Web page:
US gymnast Johnson faces 'impossible' Olympic comeback
By Claire MarshallBBC News, Iowa
Around this time of year in America, many parents of 18-year-olds are anxiously watching them leave the nest, head off to college and take on the challenges of adult life. Not Doug and Teri Johnson.
They face very different concerns. But then, Shawn Johnson isn't your average daughter. A life-size bronze statue of her stands in their home town of Des Moines, Iowa.
Her bright smile adorns Coca-Cola bottles and McDonald's merchandise. Recently, in front of millions of people, she strutted her stuff to victory in the US version of Dancing with the Stars.
In a cupboard at home, she has four gymnastics medals from the Beijing Olympics - one gold, three silver.
Doug and Teri look affectionately at the photos and trophies clustered on a wall of their house. They are on an upstairs wall, not in the living room, as Shawn, their only child, "doesn't like it". But there is worry in their eyes. Winning gold at the Beijing Olympics Shawn Johnson's career in pictures
After winning Olympic gold on the balance beam aged 16, she was catapulted into the limelight of American celebrity, endorsing dozens of products, appearing on numerous chat shows and attending countless premieres.
SHAWN JOHNSON ON RETURNING TO SPORT
“A comeback in gymnastics is almost impossible in itself. Add to it an injury, why would you even try? It will take even longer, but I like the challenge”
Speculation that Johnson's media commitments would prevent a return to Olympic gymnastics was compounded when she tore knee ligaments while skiing. It was something of a turning point though as she vowed to defend her title at London 2012.
Seven months down the line, we are attending one of Shawn's first training sessions in the gym while her parents are coming to terms with their determined daughter's decision to do it all again.
Shawn is postponing college, cancelling all the events on her celebrity schedule and staying at home where she will spend almost every day of the next two years punishing her body in the gym.
"Here we go again," says Doug. "To see her have to do all that practice for another two years, that's tough." Teri nods. "I'm still a little numb," she says. "It's been fairly recent that we realised she's going to do this full-board."
I ask her what the hardest bit is. She replies: "The little bit of lack of confidence that she has this time around, that she didn't have any of last time around. That makes me sad for her ... it will make her stronger, but it's tough to watch."
What does she want for Shawn in the next Olympics? She answers without hesitation. "I just want her to stay happy, that's all. I don't want her spirit to be broken."
Their daughter is an extraordinary performer. She arrives home exhausted after her four-hour practice, which she now does six days a week. The BBC team stands awkwardly nearby as she slumps at the kitchen table to eat a bowl of yoghurt.
Several glasses of milk and some acai chocolate covered blueberries later, her brown eyes begin to sparkle and her warm, honest smile appears.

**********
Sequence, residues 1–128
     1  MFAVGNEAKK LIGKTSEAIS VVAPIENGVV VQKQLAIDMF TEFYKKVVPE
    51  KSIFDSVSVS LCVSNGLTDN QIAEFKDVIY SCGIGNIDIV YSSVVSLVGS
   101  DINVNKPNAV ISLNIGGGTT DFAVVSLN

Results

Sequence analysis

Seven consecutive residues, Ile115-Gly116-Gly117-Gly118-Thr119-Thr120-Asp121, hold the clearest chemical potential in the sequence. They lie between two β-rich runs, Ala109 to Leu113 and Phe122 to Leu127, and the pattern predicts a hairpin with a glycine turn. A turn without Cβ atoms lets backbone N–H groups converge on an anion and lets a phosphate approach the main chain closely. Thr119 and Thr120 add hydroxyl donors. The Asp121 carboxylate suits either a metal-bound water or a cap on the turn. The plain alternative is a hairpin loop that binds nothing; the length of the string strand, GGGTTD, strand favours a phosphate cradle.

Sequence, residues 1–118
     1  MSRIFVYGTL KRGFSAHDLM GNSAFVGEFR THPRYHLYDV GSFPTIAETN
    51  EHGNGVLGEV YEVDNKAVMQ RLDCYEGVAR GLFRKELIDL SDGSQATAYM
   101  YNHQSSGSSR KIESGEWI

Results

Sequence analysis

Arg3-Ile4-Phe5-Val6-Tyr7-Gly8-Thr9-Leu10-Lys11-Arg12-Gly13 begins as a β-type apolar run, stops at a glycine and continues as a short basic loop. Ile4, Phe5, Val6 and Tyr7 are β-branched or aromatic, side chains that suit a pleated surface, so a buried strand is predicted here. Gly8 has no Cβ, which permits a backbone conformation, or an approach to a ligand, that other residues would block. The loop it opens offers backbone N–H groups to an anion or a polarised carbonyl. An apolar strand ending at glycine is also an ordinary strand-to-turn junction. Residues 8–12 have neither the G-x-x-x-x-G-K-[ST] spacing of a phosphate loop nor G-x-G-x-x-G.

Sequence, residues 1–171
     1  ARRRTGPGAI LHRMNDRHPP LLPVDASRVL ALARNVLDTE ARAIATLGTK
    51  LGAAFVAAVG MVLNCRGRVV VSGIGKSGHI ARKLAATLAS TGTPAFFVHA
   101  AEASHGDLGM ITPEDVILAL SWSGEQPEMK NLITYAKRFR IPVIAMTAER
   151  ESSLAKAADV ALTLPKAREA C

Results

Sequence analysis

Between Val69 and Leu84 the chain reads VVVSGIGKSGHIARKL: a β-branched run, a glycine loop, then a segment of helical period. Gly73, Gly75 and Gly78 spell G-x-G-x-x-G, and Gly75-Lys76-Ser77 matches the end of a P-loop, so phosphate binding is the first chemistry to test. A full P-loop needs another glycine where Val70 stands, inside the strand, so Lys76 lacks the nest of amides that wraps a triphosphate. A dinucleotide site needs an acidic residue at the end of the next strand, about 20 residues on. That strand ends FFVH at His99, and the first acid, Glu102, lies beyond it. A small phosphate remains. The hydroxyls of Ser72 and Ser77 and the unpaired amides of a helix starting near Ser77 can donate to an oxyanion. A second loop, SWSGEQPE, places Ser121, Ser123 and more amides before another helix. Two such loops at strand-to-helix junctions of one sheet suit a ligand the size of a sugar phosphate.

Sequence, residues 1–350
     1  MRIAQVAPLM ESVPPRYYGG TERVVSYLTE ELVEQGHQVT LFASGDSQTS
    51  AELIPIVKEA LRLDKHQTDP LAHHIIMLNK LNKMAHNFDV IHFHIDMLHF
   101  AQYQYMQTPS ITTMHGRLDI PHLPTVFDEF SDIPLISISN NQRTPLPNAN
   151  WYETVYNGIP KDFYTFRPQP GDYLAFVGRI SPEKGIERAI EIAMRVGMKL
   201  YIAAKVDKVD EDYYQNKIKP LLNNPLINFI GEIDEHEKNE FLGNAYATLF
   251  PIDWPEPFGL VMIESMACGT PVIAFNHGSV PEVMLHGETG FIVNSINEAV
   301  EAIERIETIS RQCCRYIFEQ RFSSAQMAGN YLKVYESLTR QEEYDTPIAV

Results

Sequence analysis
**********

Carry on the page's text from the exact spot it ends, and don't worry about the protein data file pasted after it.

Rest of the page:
She leads us excitedly up to her bedroom. At first glance, it's a normal teenage girl's space.
Countless pairs of high-heels, holiday snaps on the mirror, a monochrome picture of Marilyn Monroe. Then there are the Dancing With the Stars costumes.
"Aren't they beautiful?" She picks out a turquoise-tasselled number. "Just look, underneath, it's all covered in jewels."
Removing her Olympic medals from their red velvet cases, she handles them gently, pointing out the white jade on the back of the gold medal. "This is the pinch-me moment," she says. "I still can't believe I'm an Olympic athlete."
I ask her why she's giving up the Hollywood lifestyle and going for London 2012. She really doesn't know why, she laughs.
Shawn Johnson's love of learning
"A comeback in gymnastics is almost impossible in itself. Add to it an injury, why would you even try? It will take even longer, but I like the challenge."
She seems touchingly unsure of herself. She knows the pain she will have to go through. "The hardest thing is not knowing if I'm going to make it."
She confesses to the loneliness she feels. "I'm 18 years old and I'm living with my parents, all my friends are going off to college. Not many people know what you're going through. But if you can get to the end, then it's worth it."
There's a poem printed on a large canvas on the wall above her bed:
"You fear the loss and pain of defeat
but still are able to stand on two feet,
You crumble and cry as much as you want,
but nothing can keep you away from the hunt,
this is what you've been working for,
the pride and honour as you take to the floor … "
It carries on for another dozen or so lines, evoking the difficulties of being a champion. She tells me that she wrote it. She likes my look of surprise.
She then points out a small picture of James Dean and reads out the quote on it: "Dream as if you'll live forever, live as if you'll die today."
I sit on her bed beside her, feeling the weight of her Olympic medals, thinking about the bravery of her decision. I sense that this young woman, half my age and almost a foot shorter than me, is teaching me something very important.
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